The first time one experiences Nutella, it's an epiphany — not unlike the first encounter with wasabi or Sriracha, or perhaps what Dijon mustard was like to someone who was used to the canary-yellow stuff that came out of an equally yellow plastic bottle.
Yes, Nutella may just be America's newest favorite condiment. It's next to the jam, butter, and yes, peanut butter on the breakfast table, ready to be slathered on toast; it's in pancakes, waffles, French toast, and crepes; it's in cookies, brownies, ice creams, and cupcakes — and it's even on pizza.
This chocolate-hazelnut spread was created by Pietro Ferrero in the 1940s as a way to deal with chocolate rationing during World War II. But it wasn't called Nutella until 1964, after Ferrero had reworked the original formula, which was thick enough to be sliced (imagine that — sliceable Nutella), to one that was spreadable. Initially, cost was the main reason that people chose Nutella over chocolate; even by 1964, with the war long over, chocolate still cost six times what Nutella did. Nowadays, of course, it's a different story. People are nuts about Nutella, and that's because it's just plain delicious.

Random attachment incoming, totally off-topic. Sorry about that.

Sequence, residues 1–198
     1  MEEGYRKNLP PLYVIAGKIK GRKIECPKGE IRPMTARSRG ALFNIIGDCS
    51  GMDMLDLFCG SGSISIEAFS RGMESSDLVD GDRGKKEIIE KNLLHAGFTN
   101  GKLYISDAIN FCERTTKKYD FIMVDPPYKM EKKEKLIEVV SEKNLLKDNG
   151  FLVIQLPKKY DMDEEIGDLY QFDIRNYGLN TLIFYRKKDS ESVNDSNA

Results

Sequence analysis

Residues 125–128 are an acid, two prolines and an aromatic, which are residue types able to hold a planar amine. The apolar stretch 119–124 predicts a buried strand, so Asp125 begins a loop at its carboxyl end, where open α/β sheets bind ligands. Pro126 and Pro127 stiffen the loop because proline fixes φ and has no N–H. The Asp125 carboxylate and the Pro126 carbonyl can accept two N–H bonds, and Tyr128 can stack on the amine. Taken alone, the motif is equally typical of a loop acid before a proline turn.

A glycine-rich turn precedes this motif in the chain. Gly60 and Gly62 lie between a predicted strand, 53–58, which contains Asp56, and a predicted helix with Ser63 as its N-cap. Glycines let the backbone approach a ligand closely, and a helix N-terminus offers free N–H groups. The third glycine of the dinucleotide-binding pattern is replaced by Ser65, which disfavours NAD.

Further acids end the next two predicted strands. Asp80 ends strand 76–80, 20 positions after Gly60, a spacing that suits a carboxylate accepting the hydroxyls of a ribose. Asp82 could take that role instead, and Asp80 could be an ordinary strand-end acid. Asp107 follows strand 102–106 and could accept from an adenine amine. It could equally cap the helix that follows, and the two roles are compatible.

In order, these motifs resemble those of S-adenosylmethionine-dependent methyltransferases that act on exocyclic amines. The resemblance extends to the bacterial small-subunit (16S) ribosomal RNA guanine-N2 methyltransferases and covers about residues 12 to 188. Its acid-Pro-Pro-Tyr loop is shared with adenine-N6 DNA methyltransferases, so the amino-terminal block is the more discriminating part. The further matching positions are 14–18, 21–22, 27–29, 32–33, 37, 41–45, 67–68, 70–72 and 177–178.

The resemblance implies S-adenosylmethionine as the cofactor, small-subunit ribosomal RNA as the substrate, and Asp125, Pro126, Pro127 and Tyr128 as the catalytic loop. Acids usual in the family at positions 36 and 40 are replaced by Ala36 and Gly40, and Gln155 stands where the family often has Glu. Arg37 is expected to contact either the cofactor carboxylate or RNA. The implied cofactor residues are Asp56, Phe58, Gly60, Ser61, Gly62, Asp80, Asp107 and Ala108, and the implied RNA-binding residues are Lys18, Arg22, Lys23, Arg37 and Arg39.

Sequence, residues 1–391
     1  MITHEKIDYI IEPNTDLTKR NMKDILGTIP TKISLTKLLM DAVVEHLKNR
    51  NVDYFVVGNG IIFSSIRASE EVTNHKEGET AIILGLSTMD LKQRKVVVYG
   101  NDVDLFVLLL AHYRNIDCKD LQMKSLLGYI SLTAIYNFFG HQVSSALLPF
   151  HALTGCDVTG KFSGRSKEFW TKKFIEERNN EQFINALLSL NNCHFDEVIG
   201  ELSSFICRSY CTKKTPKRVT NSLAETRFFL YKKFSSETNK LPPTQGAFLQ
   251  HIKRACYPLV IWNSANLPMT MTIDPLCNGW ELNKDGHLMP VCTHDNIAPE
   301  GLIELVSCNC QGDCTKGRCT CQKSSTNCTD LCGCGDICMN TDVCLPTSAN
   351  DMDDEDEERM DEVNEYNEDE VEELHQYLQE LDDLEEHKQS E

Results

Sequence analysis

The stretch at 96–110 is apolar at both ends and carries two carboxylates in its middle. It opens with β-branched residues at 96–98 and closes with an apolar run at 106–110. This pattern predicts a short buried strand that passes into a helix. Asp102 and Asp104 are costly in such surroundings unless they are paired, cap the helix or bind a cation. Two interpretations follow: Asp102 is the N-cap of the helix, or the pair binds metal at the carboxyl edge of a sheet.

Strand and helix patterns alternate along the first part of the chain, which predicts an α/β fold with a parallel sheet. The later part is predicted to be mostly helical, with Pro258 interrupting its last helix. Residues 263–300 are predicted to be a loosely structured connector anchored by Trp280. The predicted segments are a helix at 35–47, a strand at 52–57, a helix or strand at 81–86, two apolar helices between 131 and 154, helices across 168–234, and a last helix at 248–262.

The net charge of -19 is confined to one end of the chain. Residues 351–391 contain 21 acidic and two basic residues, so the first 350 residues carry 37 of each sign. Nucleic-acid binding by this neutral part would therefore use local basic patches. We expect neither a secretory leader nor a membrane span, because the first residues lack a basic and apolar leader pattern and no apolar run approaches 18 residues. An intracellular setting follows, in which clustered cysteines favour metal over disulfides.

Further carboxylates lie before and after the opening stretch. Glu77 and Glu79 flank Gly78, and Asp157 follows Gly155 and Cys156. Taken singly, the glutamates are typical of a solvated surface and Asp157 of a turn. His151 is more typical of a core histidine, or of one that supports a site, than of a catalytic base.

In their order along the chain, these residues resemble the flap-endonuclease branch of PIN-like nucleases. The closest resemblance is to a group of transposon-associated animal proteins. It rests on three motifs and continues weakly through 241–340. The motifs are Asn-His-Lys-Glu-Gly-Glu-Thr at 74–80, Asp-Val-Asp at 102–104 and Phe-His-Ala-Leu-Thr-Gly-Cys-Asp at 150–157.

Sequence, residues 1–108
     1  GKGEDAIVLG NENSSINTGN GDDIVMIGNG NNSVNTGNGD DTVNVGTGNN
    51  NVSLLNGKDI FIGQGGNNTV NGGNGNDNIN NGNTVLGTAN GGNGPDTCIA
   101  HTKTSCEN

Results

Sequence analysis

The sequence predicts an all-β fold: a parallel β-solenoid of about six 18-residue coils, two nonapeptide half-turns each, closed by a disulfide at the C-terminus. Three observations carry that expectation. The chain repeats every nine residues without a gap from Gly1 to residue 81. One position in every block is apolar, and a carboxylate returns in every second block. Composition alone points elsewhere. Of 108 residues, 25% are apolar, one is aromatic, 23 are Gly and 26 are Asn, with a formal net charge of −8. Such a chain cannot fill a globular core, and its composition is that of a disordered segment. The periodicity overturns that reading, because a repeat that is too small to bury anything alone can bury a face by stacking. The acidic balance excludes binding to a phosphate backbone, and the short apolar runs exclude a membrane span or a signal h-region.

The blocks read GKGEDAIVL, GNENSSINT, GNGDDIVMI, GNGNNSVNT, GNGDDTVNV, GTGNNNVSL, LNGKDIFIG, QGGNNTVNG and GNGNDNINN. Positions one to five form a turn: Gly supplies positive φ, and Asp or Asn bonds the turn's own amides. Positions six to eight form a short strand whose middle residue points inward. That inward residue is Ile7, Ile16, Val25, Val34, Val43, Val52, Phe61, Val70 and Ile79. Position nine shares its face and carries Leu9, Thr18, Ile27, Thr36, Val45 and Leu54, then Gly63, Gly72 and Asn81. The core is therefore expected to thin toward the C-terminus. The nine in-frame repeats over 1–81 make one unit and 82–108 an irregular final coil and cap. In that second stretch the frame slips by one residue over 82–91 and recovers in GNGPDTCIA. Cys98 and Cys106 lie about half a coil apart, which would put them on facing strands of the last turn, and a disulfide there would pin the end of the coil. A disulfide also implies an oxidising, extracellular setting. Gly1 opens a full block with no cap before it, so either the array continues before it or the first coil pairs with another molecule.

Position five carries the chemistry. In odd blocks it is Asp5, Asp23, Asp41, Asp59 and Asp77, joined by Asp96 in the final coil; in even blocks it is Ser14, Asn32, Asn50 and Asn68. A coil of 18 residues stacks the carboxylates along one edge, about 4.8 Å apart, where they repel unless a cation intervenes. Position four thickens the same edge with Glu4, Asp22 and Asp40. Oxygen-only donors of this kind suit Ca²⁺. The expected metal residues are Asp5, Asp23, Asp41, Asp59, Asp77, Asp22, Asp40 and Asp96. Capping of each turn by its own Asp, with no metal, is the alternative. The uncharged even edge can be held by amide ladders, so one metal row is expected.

Besides eating it straight from the jar, though (and there's nothing wrong with that), or spreading it on plain toast, Nutella is also useful for more constructive purposes. "Like what?" you may ask. Well, what about a Coconut-Nutella Pudding Cake — that you can make in a slow cooker? Yes, it's totally doable and a piece of — pardon the pun — cake. Or these Nutella Brownies that are worth every sinful calorie. Better yet, though, if you're ready to really graduate, make your own Nutella at home.
So get ready to make a trip to Costco — you're going to need the economy-size if you want to make all of these recipes.
Will Budiaman is the Recipe Editor at The Daily Meal. Follow him on Twitter @WillBudiaman.